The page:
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Science and Industry Museum blog
Robbie Thomson, the artist behind our XFRMR event, answers some questions about his work.
How the magnificent John Rylands Library got its electricity is a fascinating look at the growth of 19th century Manchester, early electricity developments, and may even hold lessons for more sustainable power in our future.
In the second part of our blog post about George and Robert Stephenson, we turn our attention towards the younger’s achievements and the elder’s last years.
What do Sherlock Holmes, Miss Marple, Jonathan Creek and the Associate Curator at the Science and Industry Museum have in common? We all love solving a mystery.
Zap away the post Christmas blues and power up your 2019 with our Top 10 electricity-themed songs, inspired by our Electricity: The spark of life exhibition.
As 2018 draws to a close, we take a look back at your favourite blog posts this year.
We’ve been thinking about Rocket a lot recently. Not just its engineering excellence that sets it apart from its rivals, but the stories of the people surrounding the iconic locomotive as well.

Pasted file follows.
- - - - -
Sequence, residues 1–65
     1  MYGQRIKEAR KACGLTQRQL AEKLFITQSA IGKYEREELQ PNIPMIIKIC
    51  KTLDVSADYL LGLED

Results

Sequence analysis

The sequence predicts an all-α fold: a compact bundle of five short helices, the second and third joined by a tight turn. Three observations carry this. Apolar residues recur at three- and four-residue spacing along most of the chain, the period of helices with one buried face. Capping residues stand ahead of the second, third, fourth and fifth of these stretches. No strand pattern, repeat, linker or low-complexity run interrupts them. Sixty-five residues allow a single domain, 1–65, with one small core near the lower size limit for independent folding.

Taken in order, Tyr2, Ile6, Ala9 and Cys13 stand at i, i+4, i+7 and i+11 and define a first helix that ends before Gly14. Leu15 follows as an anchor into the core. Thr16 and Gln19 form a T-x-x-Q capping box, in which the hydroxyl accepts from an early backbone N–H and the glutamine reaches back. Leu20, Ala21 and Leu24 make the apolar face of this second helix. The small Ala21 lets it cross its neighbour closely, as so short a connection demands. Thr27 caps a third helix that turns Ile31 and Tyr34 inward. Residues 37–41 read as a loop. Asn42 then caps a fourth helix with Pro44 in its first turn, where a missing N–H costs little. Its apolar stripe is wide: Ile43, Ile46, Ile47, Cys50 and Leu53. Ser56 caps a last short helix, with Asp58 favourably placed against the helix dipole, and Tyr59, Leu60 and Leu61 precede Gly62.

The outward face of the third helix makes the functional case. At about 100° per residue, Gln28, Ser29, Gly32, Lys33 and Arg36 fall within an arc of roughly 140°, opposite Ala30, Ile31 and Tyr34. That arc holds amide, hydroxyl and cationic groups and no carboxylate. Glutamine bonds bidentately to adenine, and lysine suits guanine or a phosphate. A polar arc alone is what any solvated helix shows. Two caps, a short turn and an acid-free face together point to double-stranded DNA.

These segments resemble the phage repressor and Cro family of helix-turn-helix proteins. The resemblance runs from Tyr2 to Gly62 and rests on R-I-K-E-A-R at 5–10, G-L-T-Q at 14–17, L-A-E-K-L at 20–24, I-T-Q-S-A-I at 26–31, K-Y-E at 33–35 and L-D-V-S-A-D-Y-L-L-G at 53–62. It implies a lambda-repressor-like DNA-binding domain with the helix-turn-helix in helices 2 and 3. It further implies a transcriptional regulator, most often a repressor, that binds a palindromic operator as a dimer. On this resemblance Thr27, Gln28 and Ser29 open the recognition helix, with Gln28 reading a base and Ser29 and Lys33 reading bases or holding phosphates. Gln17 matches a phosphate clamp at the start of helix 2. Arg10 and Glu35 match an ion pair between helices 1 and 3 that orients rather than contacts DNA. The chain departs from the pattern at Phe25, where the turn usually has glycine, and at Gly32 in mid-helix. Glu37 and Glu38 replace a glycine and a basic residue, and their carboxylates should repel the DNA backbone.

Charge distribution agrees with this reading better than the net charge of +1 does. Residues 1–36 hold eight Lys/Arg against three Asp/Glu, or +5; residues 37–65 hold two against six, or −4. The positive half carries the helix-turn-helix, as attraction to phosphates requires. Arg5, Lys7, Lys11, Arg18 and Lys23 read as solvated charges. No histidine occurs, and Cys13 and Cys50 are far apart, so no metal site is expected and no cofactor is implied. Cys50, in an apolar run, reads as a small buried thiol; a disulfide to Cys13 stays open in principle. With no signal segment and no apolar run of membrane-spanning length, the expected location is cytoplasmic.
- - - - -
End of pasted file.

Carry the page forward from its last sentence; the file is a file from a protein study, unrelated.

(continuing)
If you’ve read any of our Rocket blogs, you’ll already know that Rocket was designed by Robert Stephenson, son of engineer George Stephenson. But who exactly were they? What made them tick, and how did they rise to the heights that they did?
To get you into the festive mood, here’s a trip into the Science Museum Group collections to find a very random but very *us* 12 Days of Christmas…
Archivist Jan Shearsmith takes us through a collection he found documenting the training exploits of a pilot in the early days of the RAF.
Here’s a question you probably haven’t been asked: in a game of museum object charades, how would you act out an ornate 19th century glass lamp shade?
You may be surprised to learn that our ‘Great Western Warehouse’ (formerly ‘Main Building’) has been renamed ‘New Warehouse’. What’s so new about it?
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